It’s become the new political catchword — sustainability. And like most catchwords, it’s being overused to the point that its meaning is becoming lost.
We’ve got environmental sustainability, economic sustainability, sustainable food systems, water sustainability, sustainable energy, sustainable education, sustainable health care… the list goes on. You can pretty much couple the word with anything to make it sound dire and drastic.
It’s used by the political left, the political right and everybody in between. A quick check of Google Trends shows its use in the media has skyrocketed since 2008.
Sustainability science has even become a new academic discipline for the 21st century. Google defines sustainability science as: “The cultivation, integration, and application of knowledge about Earth systems gained especially from the holistic and historical sciences (such as geology, ecology, climatology, oceanography) co-ordinated with knowledge about human interrelationships gained from the social sciences and humanities, in order to evaluate, mitigate, and minimize the consequences, regionally and worldwide, of human impacts on planetary systems and on societies across the globe and into the future — that is, in order that humans can be knowledgeable Earth stewards.”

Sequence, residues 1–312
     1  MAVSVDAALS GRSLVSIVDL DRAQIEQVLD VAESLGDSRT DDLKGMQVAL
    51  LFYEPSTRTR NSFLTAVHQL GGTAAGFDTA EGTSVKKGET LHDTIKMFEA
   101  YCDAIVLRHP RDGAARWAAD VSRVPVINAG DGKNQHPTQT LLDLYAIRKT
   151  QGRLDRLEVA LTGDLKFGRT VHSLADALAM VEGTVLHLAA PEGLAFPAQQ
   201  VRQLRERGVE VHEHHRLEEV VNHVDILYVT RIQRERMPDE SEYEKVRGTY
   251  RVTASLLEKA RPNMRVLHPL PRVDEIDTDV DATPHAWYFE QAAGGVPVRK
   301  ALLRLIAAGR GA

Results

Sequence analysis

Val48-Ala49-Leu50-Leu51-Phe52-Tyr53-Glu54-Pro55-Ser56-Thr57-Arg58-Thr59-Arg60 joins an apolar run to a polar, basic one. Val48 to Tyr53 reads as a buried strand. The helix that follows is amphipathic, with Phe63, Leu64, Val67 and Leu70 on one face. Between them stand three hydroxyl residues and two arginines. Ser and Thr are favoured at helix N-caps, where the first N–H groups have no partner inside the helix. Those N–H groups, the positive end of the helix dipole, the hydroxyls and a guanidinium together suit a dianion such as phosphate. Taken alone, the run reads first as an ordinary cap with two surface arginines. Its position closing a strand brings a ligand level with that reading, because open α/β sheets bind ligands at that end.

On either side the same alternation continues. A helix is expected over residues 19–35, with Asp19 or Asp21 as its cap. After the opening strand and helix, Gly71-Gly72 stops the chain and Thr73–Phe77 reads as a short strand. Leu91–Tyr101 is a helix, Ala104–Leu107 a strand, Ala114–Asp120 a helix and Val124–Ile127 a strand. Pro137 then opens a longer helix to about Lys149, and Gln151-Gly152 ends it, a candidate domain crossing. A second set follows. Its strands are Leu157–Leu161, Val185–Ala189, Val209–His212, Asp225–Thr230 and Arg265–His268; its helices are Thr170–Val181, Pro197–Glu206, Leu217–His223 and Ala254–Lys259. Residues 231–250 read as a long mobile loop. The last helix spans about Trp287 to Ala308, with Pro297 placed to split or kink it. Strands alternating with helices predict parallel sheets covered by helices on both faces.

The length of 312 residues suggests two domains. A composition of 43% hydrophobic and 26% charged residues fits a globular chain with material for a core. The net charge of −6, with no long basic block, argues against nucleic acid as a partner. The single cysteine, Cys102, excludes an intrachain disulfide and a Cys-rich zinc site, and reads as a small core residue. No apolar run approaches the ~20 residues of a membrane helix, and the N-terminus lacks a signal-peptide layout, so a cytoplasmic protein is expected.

That’s a mouthful and pretty much all encompassing.
It’s pretty obvious the way the world is heading environmentally and economically is unsustainable. And being that the large majority of people on this planet would like to see a better world for themselves and their children, it’s safe to say the masses are on board for a more sustainable future.
When we ponder our decisions for election day, it’s always wise to dig as deep as we can into a candidate’s platform. Throwing out catchwords like sustainability is easy; backing it up with ideas and actions that translate into real change for a better future is much more difficult.